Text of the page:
Unlike ConocoPhillips (NYSE:COP), which I more or less blasted a week ago, Chevron (NYSE:CVX) is a major oil company with a pretty interesting near-term profile. Although growth in the first quarter was not exactly torrid, the outlook here for production growth in the next three to five years (particularly oil/liquids production) is one of the best among the majors. Better still, this company has a clean balance sheet, solid profitability, and a focus on production sources that other companies tend to avoid.
Q1 Results Mixed, But Basically Okay
On an adjusted basis, Chevron did miss the quarterly target for this first quarter of 2012, but underperformance was largely tied to an inventory loss in the international refining and marketing business, as well as some higher corporate charges.
E&P operations were solid this quarter, with total segment profits up 8% sequentially, helped by surprisingly strong (up 12%) international results. Production was basically flat quarter-on-quarter, as higher gas production offset lower oil/liquids production. US oil production, which is about one-quarter of total liquids production, was up 2% from the fourth quarter.
Realizations were interesting. Oil followed basically the same path here and abroad (single-digit percentage decline sequentially, mid-teens year-on-year growth), with international oil benchmarks staying higher. Gas was a completely different situation; U.S. gas prices tumbled from the year-ago level and declined a bit sequentially, while international gas prices were up strongly on both comparisons.
Downstream performance was not so impressive. On an adjusted basis, profits fell 2% from the year-ago period due in part to that inventory loss. Throughput was okay, but Chevron is definitely trailing the likes of Imperial Oil (NYSEMKT:IMO) and Exxon Mobil (NYSE:XOM) in this business. Looking ahead, it doesn't sound like management is planning to jettison the R&M business, but will instead focus more on Pacific Rim refining and lubricants production.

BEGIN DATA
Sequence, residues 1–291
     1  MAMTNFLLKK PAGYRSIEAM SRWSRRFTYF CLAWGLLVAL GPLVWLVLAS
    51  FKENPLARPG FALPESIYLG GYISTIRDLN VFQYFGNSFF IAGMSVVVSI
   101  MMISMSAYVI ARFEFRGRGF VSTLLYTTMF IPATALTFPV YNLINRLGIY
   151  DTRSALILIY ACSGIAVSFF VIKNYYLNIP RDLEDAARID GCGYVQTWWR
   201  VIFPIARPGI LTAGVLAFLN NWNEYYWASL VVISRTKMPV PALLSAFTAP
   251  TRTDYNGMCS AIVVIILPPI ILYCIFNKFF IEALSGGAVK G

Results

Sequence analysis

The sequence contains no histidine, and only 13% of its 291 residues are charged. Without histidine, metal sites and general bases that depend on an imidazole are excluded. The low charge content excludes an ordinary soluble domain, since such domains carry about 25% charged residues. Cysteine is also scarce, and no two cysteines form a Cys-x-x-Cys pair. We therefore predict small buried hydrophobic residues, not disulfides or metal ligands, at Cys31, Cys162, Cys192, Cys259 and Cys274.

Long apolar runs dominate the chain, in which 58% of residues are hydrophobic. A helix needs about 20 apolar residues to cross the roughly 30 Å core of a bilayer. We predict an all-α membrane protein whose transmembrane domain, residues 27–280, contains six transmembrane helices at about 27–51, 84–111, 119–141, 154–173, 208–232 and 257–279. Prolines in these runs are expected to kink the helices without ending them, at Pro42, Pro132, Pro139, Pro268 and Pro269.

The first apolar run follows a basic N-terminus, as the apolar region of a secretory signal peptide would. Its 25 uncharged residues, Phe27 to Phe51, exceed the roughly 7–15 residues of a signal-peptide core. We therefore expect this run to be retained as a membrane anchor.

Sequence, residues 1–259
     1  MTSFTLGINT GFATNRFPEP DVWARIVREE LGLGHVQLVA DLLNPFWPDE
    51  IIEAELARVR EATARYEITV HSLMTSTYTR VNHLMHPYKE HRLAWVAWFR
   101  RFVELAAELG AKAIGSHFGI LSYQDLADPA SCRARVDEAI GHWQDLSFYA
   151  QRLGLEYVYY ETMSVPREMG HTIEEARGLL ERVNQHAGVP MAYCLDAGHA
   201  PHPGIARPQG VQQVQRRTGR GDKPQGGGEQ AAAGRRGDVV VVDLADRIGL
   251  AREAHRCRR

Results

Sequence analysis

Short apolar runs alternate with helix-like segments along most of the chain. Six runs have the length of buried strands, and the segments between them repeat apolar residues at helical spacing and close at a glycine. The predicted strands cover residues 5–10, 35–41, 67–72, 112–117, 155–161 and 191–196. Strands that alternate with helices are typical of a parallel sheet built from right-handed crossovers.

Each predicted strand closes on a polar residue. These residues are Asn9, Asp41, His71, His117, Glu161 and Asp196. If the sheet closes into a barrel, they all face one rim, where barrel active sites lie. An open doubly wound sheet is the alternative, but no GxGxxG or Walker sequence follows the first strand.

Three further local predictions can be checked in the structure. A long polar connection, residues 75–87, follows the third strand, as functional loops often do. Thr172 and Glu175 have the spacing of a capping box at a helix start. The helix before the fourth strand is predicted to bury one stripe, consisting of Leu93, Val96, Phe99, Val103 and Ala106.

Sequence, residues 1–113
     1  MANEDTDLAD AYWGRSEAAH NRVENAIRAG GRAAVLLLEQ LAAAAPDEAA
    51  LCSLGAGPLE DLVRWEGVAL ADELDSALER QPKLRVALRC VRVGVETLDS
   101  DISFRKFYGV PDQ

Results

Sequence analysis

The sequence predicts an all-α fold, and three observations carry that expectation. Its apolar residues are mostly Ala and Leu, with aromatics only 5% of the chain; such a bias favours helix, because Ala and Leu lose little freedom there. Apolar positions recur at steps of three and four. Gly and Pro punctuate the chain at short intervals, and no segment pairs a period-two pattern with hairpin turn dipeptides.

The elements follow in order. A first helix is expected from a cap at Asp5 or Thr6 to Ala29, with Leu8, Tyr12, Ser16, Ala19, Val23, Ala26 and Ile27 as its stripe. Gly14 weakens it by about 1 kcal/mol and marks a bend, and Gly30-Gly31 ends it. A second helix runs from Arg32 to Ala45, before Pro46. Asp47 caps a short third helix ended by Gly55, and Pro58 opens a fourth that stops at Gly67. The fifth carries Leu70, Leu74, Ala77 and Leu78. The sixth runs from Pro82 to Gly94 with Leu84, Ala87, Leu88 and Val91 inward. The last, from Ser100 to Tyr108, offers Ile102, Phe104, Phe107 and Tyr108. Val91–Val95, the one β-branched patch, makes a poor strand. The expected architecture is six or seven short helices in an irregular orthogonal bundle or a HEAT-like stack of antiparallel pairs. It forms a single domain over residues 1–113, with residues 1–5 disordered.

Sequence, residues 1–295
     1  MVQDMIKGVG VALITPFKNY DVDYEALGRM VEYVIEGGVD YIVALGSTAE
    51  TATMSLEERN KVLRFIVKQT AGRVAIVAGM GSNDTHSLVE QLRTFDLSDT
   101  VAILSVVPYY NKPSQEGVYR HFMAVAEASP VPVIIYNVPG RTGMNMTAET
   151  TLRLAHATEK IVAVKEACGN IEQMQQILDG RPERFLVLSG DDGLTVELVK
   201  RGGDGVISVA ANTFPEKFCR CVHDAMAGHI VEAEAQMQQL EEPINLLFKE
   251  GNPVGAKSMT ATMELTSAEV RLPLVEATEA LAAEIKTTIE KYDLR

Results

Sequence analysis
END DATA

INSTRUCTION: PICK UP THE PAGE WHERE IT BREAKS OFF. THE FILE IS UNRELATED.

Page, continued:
One Of The Best Near-Term Oil Stories
At nearly 70% of production, Chevron is very well-placed for a market that presently wants more oil. It's also worth noting that about three-quarters of Chevron's oil comes from overseas - which ups the risk to some extent, but also leverages favorable price differentials.
What I like about Chevron is the fact that the company has an excellent 3-5 year growth outlook and solid profitability. On the basis of upstream profitability per barrel, only Petrobras (NYSE:PBR) looks better and Chevron is a solid #2 [Exxon and Royal Dutch Shell (NYSE:RDS.A) score fairly well, while ConocoPhillips brings up the rear].
Outside of Petrobras, Chevron also looks to be best in terms of oncoming production growth. Although these production plans and projects are going to gobble up a lot of operating cash flow (relative to Exxon, especially), Chevron is establishing itself as a major player in deepwater, heavy oil, unconventional production, LNG, and sour oil/gas.
Also remember that this company has a very healthy balance sheet and has been relatively quiet about its spending. While the company has built large acreage positions in the Marcellus, Utica, and Permian formations, the company has been relatively quiet on the M&A front - something that management could look to change.
Will The Chinese Growth Story Deliver?
One area of vulnerability for Chevron (as well as ConocoPhillips) is its large LNG projects in Australian waters. Natural gas demand is projected to quadruple over the next decade and projects like Gorgon and Wheatstone could profitability exploit that growth. The risk, though, is that the higher cost of LNG imports incentivizes China to invest in unconventional gas exploration internally and/or more extensive natural gas pipelines as an alternative supply source.
The Bottom Line
Even though I believe Chevron's EBITDA will decline slightly in 2012, a 4x multiple to that EBITDA suggests a fair value in the $120's. Couple that with a pretty secure 3%-plus dividend, and Chevron's not a bad play for investors with more conservative leanings.